This small outfit, based in Castlemaine, Victoria, make a range of bike accessories: panniers, leg bands, vests and shoulder bags.
Rather than using the usual sustainability criteria for assessing companies, I have just lifted an entire section from their website, which covers most of the environmental issues:
“The primary aim of Ron D Swan is to make sustainable products for humans on (and off) bicycles.
We love cycling because of its clean human powered nature, its low, low running costs and its availability to anyone who wants to get past the boring bits faster.
Reclaiming discards and giving them a new lease on life has always been a passion of the Cathy, founder of Ron D Swan. So much is thrown away that can be put to creative and beautiful use.
We want all our products to stand the test of time in their intended use, but also aim for them to be deconstructed and recycled at the end of their life.
This means that we source materials that other people, generally larger industry, throw away. We like to think of ourselves as WOMBLES in that respect. We also consider the whole lifecycle of our materials and the products they are made into. We really, really, dislike waste.
We research the provenance of all our materials, weigh up their pros and cons and reject some materials after this analysis. This also means we have to lobby manufacturers and distributors to offer substitutes to the energy intensive and ecologically unsound plastics that dominate the market.
Other aspects of our practice are that we use 100% Greenpower, Post Consumer waste office paper and printed products (also using soya based inks). We source office furniture and factory shelving 2nd hand whenever we can. We post out our products using 100% recycled cardboard boxes and paper tape, or use salvaged plastics.
Breaking down our products:
CANVAS (reclaimed): is used as bag outers, this is heavyweight poly/cotton (ie very durable) and is, for the most part, bought as offcuts or roll-ends (either no use, or of very limited use to larger industry and therefore in danger of ending up on the scrap heap). Half of the of the canvas we use was woven and printed in Melbourne, Australia and the other half woven in India, and then printed and proofed in Melbourne.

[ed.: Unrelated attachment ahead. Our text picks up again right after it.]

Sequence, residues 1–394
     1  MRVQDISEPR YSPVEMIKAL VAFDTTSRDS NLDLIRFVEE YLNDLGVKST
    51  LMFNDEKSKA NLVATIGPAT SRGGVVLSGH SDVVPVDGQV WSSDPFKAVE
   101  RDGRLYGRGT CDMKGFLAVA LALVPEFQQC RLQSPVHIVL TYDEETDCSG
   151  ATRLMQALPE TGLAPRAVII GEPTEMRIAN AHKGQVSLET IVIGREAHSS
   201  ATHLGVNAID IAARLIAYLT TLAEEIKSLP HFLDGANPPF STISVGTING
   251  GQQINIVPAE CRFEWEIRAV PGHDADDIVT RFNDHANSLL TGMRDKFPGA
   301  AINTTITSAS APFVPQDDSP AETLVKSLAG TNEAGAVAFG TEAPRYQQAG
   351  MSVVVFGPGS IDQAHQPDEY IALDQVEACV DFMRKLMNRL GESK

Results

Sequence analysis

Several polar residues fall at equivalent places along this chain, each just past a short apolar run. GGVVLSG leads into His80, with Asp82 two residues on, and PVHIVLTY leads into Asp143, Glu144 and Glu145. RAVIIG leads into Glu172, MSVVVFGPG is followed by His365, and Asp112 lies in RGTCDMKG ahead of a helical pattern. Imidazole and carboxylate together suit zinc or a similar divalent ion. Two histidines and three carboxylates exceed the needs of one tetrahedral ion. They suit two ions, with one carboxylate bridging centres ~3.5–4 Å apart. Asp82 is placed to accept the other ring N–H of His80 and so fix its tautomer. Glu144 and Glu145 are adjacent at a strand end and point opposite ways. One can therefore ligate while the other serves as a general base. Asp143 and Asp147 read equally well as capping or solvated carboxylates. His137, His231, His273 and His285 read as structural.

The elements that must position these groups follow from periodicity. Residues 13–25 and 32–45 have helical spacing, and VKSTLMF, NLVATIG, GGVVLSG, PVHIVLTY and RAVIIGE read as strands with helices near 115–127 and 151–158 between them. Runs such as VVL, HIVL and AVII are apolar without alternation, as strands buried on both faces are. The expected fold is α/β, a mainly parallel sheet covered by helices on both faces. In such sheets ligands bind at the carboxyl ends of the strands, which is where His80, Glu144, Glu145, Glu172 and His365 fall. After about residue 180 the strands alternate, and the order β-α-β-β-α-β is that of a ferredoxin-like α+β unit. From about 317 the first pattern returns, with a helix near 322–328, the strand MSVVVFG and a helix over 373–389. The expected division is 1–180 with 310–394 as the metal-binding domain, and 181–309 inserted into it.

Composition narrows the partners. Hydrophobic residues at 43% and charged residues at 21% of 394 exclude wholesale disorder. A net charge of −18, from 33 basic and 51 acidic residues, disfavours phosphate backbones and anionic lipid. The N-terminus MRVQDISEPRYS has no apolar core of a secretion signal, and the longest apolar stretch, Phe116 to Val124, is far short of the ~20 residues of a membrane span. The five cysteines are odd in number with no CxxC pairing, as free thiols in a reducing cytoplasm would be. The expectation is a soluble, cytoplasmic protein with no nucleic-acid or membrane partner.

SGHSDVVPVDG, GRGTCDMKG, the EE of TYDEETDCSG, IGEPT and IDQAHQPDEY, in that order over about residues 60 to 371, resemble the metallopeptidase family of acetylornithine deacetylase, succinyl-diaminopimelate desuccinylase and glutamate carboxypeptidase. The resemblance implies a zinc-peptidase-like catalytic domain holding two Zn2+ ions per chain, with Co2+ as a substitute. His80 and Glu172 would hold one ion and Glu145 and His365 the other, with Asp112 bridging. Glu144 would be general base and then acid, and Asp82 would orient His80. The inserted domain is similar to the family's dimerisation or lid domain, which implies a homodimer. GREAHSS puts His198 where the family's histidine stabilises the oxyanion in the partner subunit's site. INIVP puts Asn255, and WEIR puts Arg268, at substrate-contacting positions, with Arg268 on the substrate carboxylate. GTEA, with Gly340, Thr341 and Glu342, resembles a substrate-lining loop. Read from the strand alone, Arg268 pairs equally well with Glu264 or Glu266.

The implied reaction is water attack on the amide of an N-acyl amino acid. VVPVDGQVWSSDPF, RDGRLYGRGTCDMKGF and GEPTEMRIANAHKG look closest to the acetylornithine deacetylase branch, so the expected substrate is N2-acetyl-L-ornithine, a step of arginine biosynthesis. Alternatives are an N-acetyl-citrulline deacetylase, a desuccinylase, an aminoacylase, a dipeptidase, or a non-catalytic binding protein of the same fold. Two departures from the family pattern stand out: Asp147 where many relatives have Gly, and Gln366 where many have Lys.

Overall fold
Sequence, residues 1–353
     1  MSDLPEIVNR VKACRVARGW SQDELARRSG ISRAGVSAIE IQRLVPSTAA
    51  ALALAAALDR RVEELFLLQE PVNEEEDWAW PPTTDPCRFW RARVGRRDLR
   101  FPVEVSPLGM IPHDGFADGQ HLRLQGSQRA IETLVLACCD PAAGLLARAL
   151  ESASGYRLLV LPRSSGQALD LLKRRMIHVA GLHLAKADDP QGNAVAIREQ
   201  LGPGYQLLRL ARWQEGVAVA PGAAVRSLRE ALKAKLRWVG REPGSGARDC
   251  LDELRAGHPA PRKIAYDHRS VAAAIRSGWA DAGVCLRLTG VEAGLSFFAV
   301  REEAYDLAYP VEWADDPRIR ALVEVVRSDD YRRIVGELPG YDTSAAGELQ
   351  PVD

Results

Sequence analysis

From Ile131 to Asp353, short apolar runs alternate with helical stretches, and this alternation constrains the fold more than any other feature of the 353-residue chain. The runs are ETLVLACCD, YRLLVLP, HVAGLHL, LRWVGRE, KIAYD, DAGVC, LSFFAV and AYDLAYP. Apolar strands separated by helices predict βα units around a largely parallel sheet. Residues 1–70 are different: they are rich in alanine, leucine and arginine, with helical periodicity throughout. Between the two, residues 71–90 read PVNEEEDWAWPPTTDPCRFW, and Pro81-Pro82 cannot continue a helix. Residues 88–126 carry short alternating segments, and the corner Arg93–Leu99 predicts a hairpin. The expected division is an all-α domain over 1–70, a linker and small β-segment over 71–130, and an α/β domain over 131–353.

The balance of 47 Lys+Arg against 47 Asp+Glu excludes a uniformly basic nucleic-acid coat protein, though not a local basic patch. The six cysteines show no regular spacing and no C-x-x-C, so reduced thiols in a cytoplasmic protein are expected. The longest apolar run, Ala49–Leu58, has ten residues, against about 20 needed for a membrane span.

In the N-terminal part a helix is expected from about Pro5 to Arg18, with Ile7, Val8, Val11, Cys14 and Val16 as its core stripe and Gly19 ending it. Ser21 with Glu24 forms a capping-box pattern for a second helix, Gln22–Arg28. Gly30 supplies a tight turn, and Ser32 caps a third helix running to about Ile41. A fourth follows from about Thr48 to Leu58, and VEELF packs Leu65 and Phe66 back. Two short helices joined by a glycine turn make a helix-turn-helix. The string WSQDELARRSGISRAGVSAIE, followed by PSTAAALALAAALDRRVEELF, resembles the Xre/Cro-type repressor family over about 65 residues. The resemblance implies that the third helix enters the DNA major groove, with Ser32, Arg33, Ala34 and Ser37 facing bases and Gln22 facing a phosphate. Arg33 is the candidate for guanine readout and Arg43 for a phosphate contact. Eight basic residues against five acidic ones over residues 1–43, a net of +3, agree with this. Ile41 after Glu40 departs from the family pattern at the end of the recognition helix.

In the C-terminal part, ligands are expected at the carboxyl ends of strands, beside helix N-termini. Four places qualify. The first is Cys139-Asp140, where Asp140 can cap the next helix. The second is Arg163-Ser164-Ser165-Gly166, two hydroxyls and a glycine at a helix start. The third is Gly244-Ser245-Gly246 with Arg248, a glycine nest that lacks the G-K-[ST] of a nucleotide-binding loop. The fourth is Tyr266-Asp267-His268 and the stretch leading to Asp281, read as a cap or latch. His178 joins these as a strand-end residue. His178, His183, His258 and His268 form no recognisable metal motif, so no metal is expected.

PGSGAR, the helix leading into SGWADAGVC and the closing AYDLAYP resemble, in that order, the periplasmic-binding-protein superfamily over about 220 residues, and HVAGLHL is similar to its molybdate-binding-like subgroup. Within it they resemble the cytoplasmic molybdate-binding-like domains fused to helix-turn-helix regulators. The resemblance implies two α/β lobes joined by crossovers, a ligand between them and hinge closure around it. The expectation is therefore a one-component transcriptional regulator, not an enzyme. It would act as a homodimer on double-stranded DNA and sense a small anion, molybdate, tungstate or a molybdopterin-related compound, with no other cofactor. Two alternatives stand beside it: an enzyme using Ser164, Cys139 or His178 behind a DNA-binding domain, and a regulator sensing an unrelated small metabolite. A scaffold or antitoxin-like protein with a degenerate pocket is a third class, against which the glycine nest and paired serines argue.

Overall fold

We’ve now included an option for the pannier liner made out of reclaimed, but new, 8oz canvas.
VINTAGE CANVAS (reclaimed): we have sourced new canvas that is up to 40 years old and is still in perfect condition. This canvas was forgotten in the corner of a factory, waiting to be rescued. These are usually the really colourful designs we have. The Vintage canvas is all cotton and was grown, woven and printed in Australia. It is also extremely rare, hence the price difference in the products.
PVC (reclaimed): PVC is used in legbands, pockets, and bag inners. It is also used in hard form as backing boards in panniers. This is not recyclable so we use it ONLY when sourced as discards. It is a very durable material, so when saved from the scrap heap, we can extend its life and limit its negative environmental impact. If it counts for anything, most of the pvc we source as offcuts is made in Australia.
WEBBING (new): We use new polyester seatbelt webbing on all our bags as it is very strong and durable. Polyester, while a less evil plastic, is still made from oil so we are researching alternatives for the future such as hemp. The really good thing is that all our webbing is made in Melbourne.
PLASTIC BUCKLES (new): On our pannier bags we have used plastic buckles, loops and sliders. We’ve found the best buckles we could. They are made in Taiwan primarily.
METAL SLIDERS (new): are used on shoulder bags and inside the pannier for the shoulder strap anchor. These are all made in either China or Taiwan.
ZIPS (new): We choose Australian made YKK zips, the best we know exist.
REFLECTIVE TAPE (new): We choose 3M-brand reflective tape because of its reputation for reflective reliability.
BICYCLE SPOKES (reclaimed): We recognise the strength of the hardened stainless steel bicycle spoke and try to rescue and reuse these by sourcing discarded wheels.
Spokes were used as hooks in our original panniers, they aren’t a part of the new ones unfortunately. But we look for ways to use more spokes, and all parts of the humble spoke. Our quest is not yet complete.”
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